Arriving in traditional clothes, men and women from different barangays gather in the hosting dap-ay.to-the-patpatayan

It starts with a group of men in a single file going off to the rice fields to sacrifice a pig on sacred ground the community calls patpatayan.practicing

Meanwhile, the men left in the dap-ay started to perform their traditional dances, not to entertain us (but perhaps themselves) but that we were.   After a half an hour perhaps, they came back, still in single file, to the dap-ay with the pig divided into pieces. The ceremony ends with everyone participating in the dance and the pieces distributed to each community.

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pig-distribution

I am honored to have seen this tradition and was well worth setting our trip back for a few hours.

I leave you with more photos of the celebration:

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dancing

My New Paradise

AdamsCredits: JSprague Digi in Deeper course material.

Adams.  A familiar name yet peculiar for the Ilocos Norte, yes?  With names like Laoag, Pagudpud, Paoay… Adams sounds off.  The first time I heard of Adams was 16 years ago when Anton explored the river with fellow guides. He raved not only about the river but its natural surroundings as well.at-the-river

He went back several times to raft and to kayak the Bulo River but never with me. In 2009 on an Ilocos Road Trip, we attempted a visit to Adams to hike to the waterfalls. It rained, and we chickened out.  We never made it to the town.

2009-AdamsThis was at the junction where we’d take a habal-habal (motorcycle for hire) to take us to town.

view-of-the-townSprawling over a land area of 159.31 square kilometers on the northern coast of Ilocos Norte,

floraAdams is a treasure trove of rainforests with rare flora and fauna, centuries old trees,

hanging-bridgehanging bridges and waterfalls.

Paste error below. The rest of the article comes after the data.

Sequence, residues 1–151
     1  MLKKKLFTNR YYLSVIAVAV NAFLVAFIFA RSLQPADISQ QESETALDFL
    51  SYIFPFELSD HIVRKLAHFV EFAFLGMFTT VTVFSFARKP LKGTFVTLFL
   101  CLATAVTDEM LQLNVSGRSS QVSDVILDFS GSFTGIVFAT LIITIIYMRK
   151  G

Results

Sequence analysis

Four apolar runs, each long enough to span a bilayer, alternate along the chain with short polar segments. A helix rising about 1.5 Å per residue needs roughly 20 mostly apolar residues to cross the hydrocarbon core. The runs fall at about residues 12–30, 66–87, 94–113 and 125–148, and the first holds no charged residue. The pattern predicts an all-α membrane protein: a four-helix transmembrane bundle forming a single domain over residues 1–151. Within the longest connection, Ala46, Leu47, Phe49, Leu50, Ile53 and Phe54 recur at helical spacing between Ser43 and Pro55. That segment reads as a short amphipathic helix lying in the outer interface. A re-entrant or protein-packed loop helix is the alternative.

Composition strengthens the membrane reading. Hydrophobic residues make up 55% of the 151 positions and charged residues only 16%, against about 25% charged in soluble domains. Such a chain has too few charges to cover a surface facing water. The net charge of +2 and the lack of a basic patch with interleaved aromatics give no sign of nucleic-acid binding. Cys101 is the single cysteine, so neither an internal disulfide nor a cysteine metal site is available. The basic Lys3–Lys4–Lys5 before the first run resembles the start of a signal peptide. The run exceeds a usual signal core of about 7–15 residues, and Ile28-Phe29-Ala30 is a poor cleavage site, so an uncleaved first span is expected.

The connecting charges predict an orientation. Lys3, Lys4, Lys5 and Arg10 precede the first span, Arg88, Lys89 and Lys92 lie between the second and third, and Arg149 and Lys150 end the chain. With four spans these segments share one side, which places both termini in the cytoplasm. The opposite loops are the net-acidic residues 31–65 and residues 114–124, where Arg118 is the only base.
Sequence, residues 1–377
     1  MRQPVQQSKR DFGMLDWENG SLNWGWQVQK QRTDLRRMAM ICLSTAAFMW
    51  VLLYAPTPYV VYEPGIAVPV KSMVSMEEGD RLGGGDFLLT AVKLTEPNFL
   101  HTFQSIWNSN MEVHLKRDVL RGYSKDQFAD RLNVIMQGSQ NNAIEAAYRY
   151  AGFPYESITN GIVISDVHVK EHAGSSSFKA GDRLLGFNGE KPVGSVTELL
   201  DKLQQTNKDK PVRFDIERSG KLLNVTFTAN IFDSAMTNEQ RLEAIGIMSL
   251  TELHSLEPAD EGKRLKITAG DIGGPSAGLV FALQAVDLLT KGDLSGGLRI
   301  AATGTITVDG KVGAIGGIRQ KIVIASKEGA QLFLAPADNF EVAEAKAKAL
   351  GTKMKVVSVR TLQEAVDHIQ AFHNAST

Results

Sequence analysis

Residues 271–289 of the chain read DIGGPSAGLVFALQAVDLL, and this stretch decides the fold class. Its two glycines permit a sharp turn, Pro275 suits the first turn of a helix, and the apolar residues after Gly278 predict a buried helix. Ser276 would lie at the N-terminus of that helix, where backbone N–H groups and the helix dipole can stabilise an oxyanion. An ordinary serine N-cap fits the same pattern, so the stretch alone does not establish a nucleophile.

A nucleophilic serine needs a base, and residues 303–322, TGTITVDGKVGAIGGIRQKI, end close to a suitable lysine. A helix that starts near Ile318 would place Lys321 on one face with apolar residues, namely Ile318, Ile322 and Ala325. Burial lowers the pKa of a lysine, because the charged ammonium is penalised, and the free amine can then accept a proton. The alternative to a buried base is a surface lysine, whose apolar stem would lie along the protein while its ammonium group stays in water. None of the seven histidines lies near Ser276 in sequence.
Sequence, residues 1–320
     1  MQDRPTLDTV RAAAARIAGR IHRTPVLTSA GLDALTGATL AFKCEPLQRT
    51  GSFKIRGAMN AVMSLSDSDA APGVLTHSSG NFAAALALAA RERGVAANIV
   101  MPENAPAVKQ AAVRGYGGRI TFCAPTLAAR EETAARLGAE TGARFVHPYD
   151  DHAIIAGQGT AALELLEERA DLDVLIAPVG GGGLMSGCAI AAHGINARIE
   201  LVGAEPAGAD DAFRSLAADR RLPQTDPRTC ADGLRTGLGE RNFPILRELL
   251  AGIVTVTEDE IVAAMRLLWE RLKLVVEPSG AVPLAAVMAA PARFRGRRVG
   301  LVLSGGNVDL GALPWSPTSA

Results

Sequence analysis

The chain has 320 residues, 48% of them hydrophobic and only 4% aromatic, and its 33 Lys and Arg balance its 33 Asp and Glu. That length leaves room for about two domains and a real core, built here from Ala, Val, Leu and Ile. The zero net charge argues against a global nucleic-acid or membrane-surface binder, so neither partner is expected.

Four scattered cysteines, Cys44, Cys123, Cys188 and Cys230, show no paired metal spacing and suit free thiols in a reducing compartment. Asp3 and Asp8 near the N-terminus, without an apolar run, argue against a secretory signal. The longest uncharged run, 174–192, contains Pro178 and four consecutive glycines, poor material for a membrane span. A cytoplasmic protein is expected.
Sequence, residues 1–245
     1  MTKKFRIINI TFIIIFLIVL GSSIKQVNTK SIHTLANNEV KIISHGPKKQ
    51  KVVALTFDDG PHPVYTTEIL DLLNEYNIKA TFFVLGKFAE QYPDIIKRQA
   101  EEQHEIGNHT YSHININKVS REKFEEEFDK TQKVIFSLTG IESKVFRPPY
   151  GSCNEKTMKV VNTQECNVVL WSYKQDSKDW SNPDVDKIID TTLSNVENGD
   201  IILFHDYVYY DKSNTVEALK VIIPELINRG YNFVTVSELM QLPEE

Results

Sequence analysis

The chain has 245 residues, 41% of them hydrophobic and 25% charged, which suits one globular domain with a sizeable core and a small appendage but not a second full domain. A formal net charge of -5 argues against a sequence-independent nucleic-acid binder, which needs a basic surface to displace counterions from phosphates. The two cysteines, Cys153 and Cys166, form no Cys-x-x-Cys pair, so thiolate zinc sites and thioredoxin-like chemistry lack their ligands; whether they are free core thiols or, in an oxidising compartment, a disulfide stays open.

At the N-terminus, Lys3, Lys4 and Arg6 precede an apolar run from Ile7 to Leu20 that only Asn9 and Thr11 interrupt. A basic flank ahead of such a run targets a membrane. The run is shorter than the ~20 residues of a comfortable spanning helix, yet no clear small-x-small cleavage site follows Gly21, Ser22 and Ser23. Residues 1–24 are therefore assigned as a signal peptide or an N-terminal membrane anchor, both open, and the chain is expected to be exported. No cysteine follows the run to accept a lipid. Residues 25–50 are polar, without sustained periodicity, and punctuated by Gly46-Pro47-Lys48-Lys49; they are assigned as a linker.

anuplig-fallsAnuplig Falls
cultural-danceWe were treated to a cultural show.

It is a small town of only one village but is a melting pot of ethnic groups composed of the Yapayao or Itneg, Ilocano, Igorot, Kankan-ay and Ibaloi, which explains why their cuisine is different from the Ilocano dishes we know.

local-produceWe had fried frog, udang (river shrimps), stir-fried pako, and mountain rice.

It is a hodgepodge of the various ethnic groups and what is locally available like gabi (Taro), crab lets, baby damo (wild boar), frogs, Udang (river shrimps), purple mountain rice, and my favorite, stir-fried pako (fiddlehead fern).

baguio-climateLike its name, it is a divergent from the rest of the region.  The climate is pleasantly cool especially at this time of the year, with temperatures just a few notched higher than Baguio.

I wish I had made more effort to visit this mountain-river town. It took me fifteen years to finally set foot here. My first trip to Adams was last year around this time. Ask me how many times I’ve been back since. Four so far. I have fallen in love with the area. Expect more posts from me. Meanwhile, here are some photos to whet your appetite for the place.  This is my new paradise.

bulu-riverThe Bulo River from a bridge.
enroute-to-anupligLush forest en route to Anuplig falls.
entertainmentHospitality to the hilt.  Entertainment provided by the villagers.